Monday, December 12, 2011

Poetry Monday

Today's poem is actually one of mine. I wrote it many years ago but Tintin has been on my mind. There's a reason for that: I saw the Spielberg film yesterday. Saw it in French because I was in Montreal, but more on that later.

Here's the poem. It was originally published in Slant:

Tintin in Love

The one predicament the hero of my childhood
Was never in. Avalanche, yes.
Gun fire. Goat-attack. The fiery Sahara.
Sacrificial pyre. Rising tides. He cheated death,
Always with a measureless, stoic bravery;
Only sometimes would his creator ink
A clock-dial of sweat popping off his brow.
But never the quicksand of true love.

I would trail my mother down hallways
Boasting of his exploits. She'd consent
To look at the tattered books; I'd show
Her favorites from the paneled pages: Tintin
Snared on the sabotaged, runaway train;
Adrift on makeshift raft; dropped out of plane.
"Where are the women?" she'd ask,
But I didn't know how he needed them.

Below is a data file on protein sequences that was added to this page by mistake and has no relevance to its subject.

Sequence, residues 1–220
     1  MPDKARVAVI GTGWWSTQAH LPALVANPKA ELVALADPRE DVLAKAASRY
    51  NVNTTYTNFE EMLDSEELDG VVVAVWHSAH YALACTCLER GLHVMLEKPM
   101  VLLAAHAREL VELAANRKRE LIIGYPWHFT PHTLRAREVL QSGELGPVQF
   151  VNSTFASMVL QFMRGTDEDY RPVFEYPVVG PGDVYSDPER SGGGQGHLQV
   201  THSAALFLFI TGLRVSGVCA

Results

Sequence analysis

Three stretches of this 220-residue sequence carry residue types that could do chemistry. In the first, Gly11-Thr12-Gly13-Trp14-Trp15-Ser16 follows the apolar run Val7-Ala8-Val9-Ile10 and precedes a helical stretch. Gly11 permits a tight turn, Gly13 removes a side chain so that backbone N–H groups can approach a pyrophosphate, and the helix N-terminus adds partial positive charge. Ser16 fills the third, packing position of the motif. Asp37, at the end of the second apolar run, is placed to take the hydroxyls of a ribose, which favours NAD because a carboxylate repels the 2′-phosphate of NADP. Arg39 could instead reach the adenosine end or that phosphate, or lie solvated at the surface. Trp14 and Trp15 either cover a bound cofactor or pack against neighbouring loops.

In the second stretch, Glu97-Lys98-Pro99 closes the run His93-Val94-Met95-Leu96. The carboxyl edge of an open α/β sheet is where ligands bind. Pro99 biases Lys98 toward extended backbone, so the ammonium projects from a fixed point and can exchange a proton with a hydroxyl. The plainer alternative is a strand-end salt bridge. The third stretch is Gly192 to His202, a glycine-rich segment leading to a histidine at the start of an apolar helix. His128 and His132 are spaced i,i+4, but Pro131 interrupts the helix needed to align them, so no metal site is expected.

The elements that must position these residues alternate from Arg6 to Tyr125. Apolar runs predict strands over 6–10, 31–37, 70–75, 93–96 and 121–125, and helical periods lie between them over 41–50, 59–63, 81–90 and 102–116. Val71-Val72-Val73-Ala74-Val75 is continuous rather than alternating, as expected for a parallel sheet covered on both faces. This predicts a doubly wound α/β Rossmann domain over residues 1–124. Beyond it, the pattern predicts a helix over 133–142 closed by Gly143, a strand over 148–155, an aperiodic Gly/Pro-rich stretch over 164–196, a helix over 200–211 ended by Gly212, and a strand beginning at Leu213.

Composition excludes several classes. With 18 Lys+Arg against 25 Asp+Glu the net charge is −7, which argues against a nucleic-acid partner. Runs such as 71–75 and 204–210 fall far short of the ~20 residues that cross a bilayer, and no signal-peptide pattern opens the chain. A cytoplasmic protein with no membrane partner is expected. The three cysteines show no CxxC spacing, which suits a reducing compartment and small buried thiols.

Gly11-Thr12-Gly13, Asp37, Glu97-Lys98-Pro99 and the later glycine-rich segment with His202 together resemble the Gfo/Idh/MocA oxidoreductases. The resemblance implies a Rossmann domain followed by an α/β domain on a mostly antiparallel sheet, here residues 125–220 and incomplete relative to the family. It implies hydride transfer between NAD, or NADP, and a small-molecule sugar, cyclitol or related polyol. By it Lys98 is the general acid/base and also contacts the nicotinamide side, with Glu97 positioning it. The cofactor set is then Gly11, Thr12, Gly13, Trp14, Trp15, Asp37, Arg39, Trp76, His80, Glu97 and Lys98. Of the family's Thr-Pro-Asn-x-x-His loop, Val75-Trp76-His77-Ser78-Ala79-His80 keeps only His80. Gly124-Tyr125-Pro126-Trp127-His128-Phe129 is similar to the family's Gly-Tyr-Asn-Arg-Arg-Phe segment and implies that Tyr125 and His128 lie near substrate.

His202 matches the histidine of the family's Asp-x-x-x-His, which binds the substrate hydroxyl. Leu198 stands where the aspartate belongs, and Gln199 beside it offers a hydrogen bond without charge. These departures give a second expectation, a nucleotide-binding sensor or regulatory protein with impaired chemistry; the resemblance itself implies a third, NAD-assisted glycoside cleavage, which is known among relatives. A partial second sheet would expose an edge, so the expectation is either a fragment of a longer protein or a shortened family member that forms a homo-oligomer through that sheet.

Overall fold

Tintin and his entourage were sexless.
Rainy-day saver of his rapt attention
For clues and hieroglyphs, for the smuggler,
The cutpurse, his only devotion was for
Diametrical, drunken Captain Haddock,
Oblivious, savant Calculus.
The closest he ever came to the hurt
Of romance was for Chang, the Chinese boy

He eventually saves from the barren peaks of Tibet.
Answerless for my mother, inevitably I discovered
The basis for the question. Women appeared—
Parted lips, shirts ripped—in the cover-art
Of the Ian Fleming novels I started reading.
Inside, the women drank, undressed,
Let Bond hold the fullness of their breasts.
Soon, I learned that girls wanted to kiss too,

And I embarked on all of Salinger, Hemingway,
Then, later, Mailer, Roth, Updike.
I could unhook bras one-handed by then,
Knew there were places to touch that led,
Like arcane tunnels, to inevitable other places.
In college I read less, experienced more.
The books I tripped over were assigned: ruins,
Toppled greatness, furred over by the undergrowth.

Yet reading had prepped me well. Years later—
End-of-college years, work years, sad years,
Then love, eventually, and a quieter mind—
I read a biography of HergĂ©.­
It seemed love was not so simply left out,
Just hard to find. Tintin in Tibet—those white spaces,
The missing boy—was HergĂ©'s answer
To the death dreams of his late years.

Maybe too much information, but I re-read
Each adventure: Tintin had a filled house, the same cast
Of friends with which to face each hour.
The rooms he woke to every day
Were cluttered up with his own history.
Survivor of the ice fields, the jungle beast,
The poisoned dart, the circling sharks,
Other perils of the heart, he always made it home.

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